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New doc revisits the "Killdozer" rampage in a small Colorado town

Posted: 10:30 AM, Feb 09, 2020
Updated: 2020-02-10 08:03:44-05
bulldozer trailer still.png

GRANBY, Colo. — Tucked in the mountains between Winter Park and Grand Lake sits a small community of 2,000 people that was thrust into the national spotlight when one of its residents turned a bulldozer into a makeshift tank and went on a rampage, destroying much of the town in 2004. Now, a full-length documentary, "Tread," about that incident, and the man behind it, is coming to Denver theaters for a short run in February.

“It’s always in the backs of everybody’s minds here,” Patrick Brower told Denver7.

Brower was the newspaper publisher in Granby back in June of 2004. He went on to write the book ‘Killdozer’ about what happened.

“How many times has anybody armored a 65-ton bulldozer and turned it into an 85-ton tank and tried to destroy a town?” he said.

Brower described the lead-up to the rampage as happening over several years and several incidents. He said Marvin Heemeyer was upset with his neighbors over a property dispute and upset with the town when they didn’t take his side. Several lawsuits were filed and also thrown out.

“He vowed to get back at the people he felt somehow had wronged him,” Brower said.

On June 4, 2004, Heemeyer drove his armored and armed Komatsu bulldozer out of his shed, into, and through the town.

“He knocked down 13 buildings, most were completely destroyed,” Brower said, saying the rampage destroyed “a third of the town maybe.”

Heemeyer shot from the bulldozer/tank as well, including from a 50-caliber rifle. No one was killed, except for Heemeyer, who took his own life after the vehicle broke down.

“He was basically unstoppable and impregnable in that tank,” he said.

The story of Marv Heemeyer has now been made into a full-length documentary called ‘Tread.’

“There’s sort of an implicit character question. Who would make that machine?” the film’s writer and director Paul Solet told Denver7 in an interview.

The film begins with and uses Marv’s own words, left behind on hours worth of tapes.

“No one knew how distorted it was becoming,” one interview included in the film’s trailer says.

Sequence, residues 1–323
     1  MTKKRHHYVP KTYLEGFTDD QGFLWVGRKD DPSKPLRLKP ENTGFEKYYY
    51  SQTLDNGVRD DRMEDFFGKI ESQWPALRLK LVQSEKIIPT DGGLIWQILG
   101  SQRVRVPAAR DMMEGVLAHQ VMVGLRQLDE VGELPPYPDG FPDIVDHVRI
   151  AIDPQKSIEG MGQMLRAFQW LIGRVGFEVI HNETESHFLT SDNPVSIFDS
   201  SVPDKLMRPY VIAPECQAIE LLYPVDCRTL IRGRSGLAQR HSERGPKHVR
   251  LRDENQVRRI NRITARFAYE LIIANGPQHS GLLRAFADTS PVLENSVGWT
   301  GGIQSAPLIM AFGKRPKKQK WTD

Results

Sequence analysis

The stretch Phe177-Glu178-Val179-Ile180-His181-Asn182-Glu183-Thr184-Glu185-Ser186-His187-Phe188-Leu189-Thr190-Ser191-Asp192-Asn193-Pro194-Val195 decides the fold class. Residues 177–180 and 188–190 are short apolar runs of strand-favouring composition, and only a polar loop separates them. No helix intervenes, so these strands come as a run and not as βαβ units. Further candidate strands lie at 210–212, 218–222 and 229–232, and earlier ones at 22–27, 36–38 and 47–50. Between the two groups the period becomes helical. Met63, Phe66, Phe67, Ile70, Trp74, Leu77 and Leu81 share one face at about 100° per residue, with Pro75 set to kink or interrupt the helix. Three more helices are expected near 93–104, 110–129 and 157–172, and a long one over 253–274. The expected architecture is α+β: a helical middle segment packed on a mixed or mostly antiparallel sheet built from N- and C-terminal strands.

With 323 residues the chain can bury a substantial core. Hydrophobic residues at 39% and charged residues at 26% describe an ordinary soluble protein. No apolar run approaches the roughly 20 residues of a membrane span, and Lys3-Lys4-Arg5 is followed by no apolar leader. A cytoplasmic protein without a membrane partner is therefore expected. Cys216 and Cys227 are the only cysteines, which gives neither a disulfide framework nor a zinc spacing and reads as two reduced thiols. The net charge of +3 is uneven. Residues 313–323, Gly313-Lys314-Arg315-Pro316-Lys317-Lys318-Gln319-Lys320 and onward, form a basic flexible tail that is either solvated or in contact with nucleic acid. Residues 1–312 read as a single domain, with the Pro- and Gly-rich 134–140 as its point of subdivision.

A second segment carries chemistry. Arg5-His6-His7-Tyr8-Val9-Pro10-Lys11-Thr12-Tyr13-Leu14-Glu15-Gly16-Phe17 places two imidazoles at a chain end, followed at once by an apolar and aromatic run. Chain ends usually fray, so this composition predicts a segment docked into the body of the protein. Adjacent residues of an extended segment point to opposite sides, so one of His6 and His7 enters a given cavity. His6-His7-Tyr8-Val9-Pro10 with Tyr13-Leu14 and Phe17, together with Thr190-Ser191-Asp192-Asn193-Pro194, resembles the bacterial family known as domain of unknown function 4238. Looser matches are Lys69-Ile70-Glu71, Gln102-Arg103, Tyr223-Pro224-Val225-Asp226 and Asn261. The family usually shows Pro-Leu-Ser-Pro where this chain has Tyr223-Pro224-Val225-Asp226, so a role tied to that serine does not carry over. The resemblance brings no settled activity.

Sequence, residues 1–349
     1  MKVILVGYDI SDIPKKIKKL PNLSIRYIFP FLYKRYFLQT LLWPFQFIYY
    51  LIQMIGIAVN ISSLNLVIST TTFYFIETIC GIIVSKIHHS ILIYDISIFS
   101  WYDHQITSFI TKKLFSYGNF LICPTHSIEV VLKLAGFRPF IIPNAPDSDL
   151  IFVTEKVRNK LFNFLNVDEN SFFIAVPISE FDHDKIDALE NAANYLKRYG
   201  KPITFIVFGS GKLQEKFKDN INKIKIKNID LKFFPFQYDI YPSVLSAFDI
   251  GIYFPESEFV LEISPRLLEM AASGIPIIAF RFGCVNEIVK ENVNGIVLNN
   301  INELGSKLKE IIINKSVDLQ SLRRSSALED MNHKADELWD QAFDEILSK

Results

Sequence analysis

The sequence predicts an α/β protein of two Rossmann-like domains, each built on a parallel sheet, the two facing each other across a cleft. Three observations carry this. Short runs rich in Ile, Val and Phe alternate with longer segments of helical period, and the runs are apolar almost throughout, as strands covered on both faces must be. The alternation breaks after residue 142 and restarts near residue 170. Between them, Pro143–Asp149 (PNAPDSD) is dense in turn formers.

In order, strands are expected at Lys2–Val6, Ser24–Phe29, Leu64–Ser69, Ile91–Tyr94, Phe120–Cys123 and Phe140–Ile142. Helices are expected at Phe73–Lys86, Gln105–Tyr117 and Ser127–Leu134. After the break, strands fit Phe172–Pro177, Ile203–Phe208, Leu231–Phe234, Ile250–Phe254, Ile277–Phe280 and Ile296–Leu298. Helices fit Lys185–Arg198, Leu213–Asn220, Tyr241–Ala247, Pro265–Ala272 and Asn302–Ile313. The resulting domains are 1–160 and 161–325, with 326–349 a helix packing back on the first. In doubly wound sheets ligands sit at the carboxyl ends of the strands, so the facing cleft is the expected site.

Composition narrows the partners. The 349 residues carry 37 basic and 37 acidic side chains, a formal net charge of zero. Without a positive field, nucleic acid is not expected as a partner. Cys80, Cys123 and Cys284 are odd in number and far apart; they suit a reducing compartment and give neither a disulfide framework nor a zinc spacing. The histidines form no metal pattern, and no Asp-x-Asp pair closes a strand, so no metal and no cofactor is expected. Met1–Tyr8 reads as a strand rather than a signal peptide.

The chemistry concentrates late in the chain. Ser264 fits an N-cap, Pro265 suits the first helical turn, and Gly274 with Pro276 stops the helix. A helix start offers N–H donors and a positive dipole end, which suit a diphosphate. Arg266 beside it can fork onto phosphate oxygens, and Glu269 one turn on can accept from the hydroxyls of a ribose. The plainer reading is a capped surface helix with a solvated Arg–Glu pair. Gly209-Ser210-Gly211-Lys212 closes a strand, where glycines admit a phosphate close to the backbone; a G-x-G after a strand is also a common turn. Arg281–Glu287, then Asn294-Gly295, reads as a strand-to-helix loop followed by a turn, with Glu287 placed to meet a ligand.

The documentary also includes interviews from the small mountain community, shot over several years in Granby.

“From the people whose livelihoods were destroyed by Heemeyer to those who loved Heemeyer the most and continue to support him,” Solet said.

That latter group of supporters is fairly large online, from websites to blog posts, of those who sympathize with the man who drove through, ran over, and shot at Granby.

“They think of Mark at the itty bitty guy who fought back at government that got in their way,” Brower said.

Many comments on the movie trailer’s Youtube page even call Marv a “hero.”

“His intent was certainly to maim and kill,” former SWAT commander Grant Whitus countered.

Whitus led the SWAT team out of Jefferson County that responded to Granby that day. He had differing thoughts on those who support Heemeyer and the movie’s trailer.

“To glamorize what he did and the way he did it for the reason he did it, I think is horrible,” he said in a phone interview.

Whitus did not have any role in the film, and personally cautioned against sympathy for Heemeyer when hearing his words on tape, explaining his rampage.

“There was no glamor in it and it was certainly just domestic terrorism,” he said.

“His anger and his act was completely unwarranted and unjustified,” Brower said, in partial agreement.

But the man who was in the newspaper building that day, when it was run into by the "killdozer," still believes the movie was worth making.

“Because it’s just a spectacular, crazy story. Simple,” Brower said.

“This story deserves to be told in a way that is objective and comprehensive and truthful to the community,” director Solet said.

"Tread" will be shown in the following theaters for a one week run starting on February 21st:

The Lyric Fort Collins, Alamo Drafthouse Sloans Lake, Alamo Drafthouse Littleton, Alamo Drafthouse Westminster, Reel Mountain Theater, Harkins Northfield, Harkins Arvada.

The film will also have a two-night run at the Rox Theater Walsenburg, a one-week run at the Icon Cinema in Colorado Springs, and will likely be shown up the road from Granby in Winter Park.